The people behind "Game of Thrones" have only two more chances to set the internet ablaze with wild fan theories, feverish predictions, rampant speculation and a Citadel's worth of memes before the series wraps May 19. As the faithful await Sunday's installment, here's a spoiler-heavy look at what could go down in Westeros.
When we last saw our Westerosi friends, Cersei Lannister (Lena Headey), bolstered by her new collection of SUV-sized crossbows, seemed to gain the upper hand in the fight for the Iron Throne. Daenerys Targaryen (Emilia Clarke), on the other hand, was in a bind.
Jorah Mormont (Iain Glen), one of Dany's most loyal allies, was killed in the battle at Winterfell along with most of the Dothraki army. Missandei (Nathalie Emmanuel), her trusted handmaiden, was beheaded. Rhaegal, one of the dragons, was shot down from the sky by the salty sadist Euron Greyjoy (Pilou Asbæk).
It seems a vengeance-fueled battle — the Last War, as Khaleesi put it — will anchor the fifth and penultimate episode that airs Sunday, an 80-minute chapter that Clarke has encouraged fans to watch on "the biggest TV you can." But the 49-second, dialogue-free trailer is light on specifics — and the clock is ticking, literally:
DANY BREAKS BAD?
"Game of Thrones" has sprinkled the last few episodes with hints that Dany, the Breaker of Chains, could swiftly descend into insanity like her father, the "Mad King" Aerys II Targaryen, and prove herself unfit to rule the Seven Kingdoms.
In the most recent installment, "The Last of the Starks," Tyrion Lannister (Peter Dinklage) and the crafty political strategist Varys (Conleth Hill) quietly fretted about Dany's mental state. The episode also featured not-so-subtle shots of Dany scowling at the men celebrating Jon Snow (Kit Harrington).
House Targaryen has long been afflicted with madness, partly due to inbreeding. Cersei alluded to this history in the second season episode "A Man Without Honor," telling Tyrion: "Half the Targaryens went mad, didn't they? What's the saying? 'Every time a Targaryen is born, the gods flip a coin.'"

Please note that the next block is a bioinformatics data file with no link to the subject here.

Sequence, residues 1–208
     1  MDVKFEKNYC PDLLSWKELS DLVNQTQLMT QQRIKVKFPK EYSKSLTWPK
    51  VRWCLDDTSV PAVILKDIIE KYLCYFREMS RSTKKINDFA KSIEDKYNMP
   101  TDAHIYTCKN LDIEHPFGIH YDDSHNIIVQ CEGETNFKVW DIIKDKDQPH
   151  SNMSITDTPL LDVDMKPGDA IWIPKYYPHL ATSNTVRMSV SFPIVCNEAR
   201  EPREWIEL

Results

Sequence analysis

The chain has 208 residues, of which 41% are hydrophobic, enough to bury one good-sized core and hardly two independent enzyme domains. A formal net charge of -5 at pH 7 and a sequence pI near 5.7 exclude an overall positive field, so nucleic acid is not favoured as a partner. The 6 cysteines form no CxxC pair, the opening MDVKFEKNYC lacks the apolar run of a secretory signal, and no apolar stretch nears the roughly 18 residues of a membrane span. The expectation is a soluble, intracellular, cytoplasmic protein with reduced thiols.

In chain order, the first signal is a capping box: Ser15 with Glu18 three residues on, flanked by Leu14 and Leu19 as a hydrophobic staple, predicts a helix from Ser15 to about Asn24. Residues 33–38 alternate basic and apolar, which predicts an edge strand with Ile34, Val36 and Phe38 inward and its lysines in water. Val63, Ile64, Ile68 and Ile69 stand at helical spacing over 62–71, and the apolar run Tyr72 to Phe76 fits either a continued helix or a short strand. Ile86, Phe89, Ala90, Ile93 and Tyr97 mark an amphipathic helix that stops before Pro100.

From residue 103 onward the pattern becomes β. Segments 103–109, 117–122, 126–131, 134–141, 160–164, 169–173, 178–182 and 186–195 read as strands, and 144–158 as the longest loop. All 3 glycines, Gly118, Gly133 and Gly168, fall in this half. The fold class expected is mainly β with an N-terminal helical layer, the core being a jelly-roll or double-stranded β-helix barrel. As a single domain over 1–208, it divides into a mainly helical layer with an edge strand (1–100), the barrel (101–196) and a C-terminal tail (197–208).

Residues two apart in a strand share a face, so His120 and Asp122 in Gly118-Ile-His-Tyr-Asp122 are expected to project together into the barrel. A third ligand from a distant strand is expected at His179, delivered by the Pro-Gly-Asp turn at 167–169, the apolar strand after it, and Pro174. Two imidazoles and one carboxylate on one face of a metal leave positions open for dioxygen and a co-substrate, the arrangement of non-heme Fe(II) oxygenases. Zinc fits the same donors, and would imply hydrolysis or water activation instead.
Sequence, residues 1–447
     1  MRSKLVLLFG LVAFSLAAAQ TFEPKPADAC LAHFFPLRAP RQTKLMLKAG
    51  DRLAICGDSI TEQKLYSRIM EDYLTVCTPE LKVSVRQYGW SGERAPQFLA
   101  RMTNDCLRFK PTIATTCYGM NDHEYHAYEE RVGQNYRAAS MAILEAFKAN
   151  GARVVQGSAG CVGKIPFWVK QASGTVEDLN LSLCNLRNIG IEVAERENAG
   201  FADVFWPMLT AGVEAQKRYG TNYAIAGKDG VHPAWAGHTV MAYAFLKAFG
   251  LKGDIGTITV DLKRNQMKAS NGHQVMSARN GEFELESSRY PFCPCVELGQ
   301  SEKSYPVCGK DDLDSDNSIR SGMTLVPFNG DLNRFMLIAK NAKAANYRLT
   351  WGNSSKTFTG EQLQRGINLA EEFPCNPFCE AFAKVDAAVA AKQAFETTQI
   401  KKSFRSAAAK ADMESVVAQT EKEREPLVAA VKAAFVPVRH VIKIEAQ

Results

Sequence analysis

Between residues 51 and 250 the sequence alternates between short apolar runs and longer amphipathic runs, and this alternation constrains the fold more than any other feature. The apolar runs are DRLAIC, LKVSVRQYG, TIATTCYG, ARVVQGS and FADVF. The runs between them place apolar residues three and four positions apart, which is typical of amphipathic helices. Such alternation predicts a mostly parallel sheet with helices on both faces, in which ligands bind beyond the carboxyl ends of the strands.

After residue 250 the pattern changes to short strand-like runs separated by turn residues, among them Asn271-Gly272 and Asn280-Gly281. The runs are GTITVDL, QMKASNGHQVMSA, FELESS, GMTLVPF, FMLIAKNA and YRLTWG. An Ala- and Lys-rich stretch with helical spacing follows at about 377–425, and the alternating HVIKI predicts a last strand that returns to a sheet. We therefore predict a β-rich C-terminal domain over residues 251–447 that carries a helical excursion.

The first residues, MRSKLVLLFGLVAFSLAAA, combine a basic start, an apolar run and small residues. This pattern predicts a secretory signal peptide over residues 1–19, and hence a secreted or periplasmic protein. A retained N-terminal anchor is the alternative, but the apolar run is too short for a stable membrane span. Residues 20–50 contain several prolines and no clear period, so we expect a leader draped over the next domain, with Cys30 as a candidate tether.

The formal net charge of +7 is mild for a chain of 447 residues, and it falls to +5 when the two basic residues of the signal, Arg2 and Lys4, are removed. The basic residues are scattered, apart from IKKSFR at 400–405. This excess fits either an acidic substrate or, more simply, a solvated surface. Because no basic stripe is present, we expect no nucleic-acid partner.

Twitter was rife with debate over the possible "Mad Queen" arc, with some viewers saying it's been foreshadowed all along and others arguing it's a last-minute reversal to serve the needs of the plot. "[I]t’s the weakest form of storytelling to try to justify a reversal in plot/sympathy/behavior," New York Times television critic James Poniewozik said in one Twitter thread.
Meanwhile, some fans contended that the "Mad Queen" innuendo was misdirection, and that Dany remains an essentially benevolent (and occasionally ruthless) liberator of Westeros and whose thirst for revenge against Cersei and the ruthless armies of King's Landing is warranted.
"After all, not every Targaryen coin toss ends in badness — as the books tell us, on the other side of that coin is greatness," Vulture commentator Nate Jones wrote.
HERE BE DRAGONS
Let's go back to the dragons. Viserion was killed by the Night King and reanimated as a wight at the end of season seven, and he was (presumably) offed for good amid the Winterfell battle in this season's "The Long Night." Rhaegal, for his part, took a crossbow shot to the neck and tumbled into the watery deep at the end of "The Last of the Starks," joining the long list of "Game of Thrones" characters to meet their maker.
In other words, Drogon is Dany's last surviving dragon — and evidently, the supersized crossbow archers of King's Landing have a good shot of taking him down, too. But a fan theory bubbling up on Reddit this week suggests that Dany's brood of flying lizards is larger than we might believe.
The theory, circulated by Reddit user Justzxcvbnm on Wednesday, hinges on Drogon's disappearance at the end of the fifth season. We'll let Justzxcvbnm take it from here:
This theory says that in the fifth season, when Drogon spends almost a whole season gone, hes actually laying eggs and is in fact a female thats why he was burning fields full of sheep, goats and etc to feed the baby dragons. Hes the only one who disappeared, the only one who drove herds and took them all like roasted sheep.
The trailer for this Sunday's episode contains what might be a subtle clue. Euron, the rakish brute who fired the fatal shot at Rhaegal, seems to be unusually frightened by the sound of a dragon's roar. And since he's already faced down one such creature, it stands to reason there might be more looming on the horizon.
Drogon is not the only resident of Westeros with a possible pregnancy. Cersei, for her part, has repeatedly claimed that she's with child. Euron believes the baby is his, but the real dad — assuming duplicitous Cersei is actually pregnant! — is most likely her brother, Jaime Lannister (Nikolaj Coster-Waldau).
How will all this paternity drama resolve when Jaime arrives in the capital?
Stay tuned for more coverage of the final two episodes of "Game of Thrones." In the meantime, we'll leave you with the wise words of Bran Stark: “I’m going to go now.”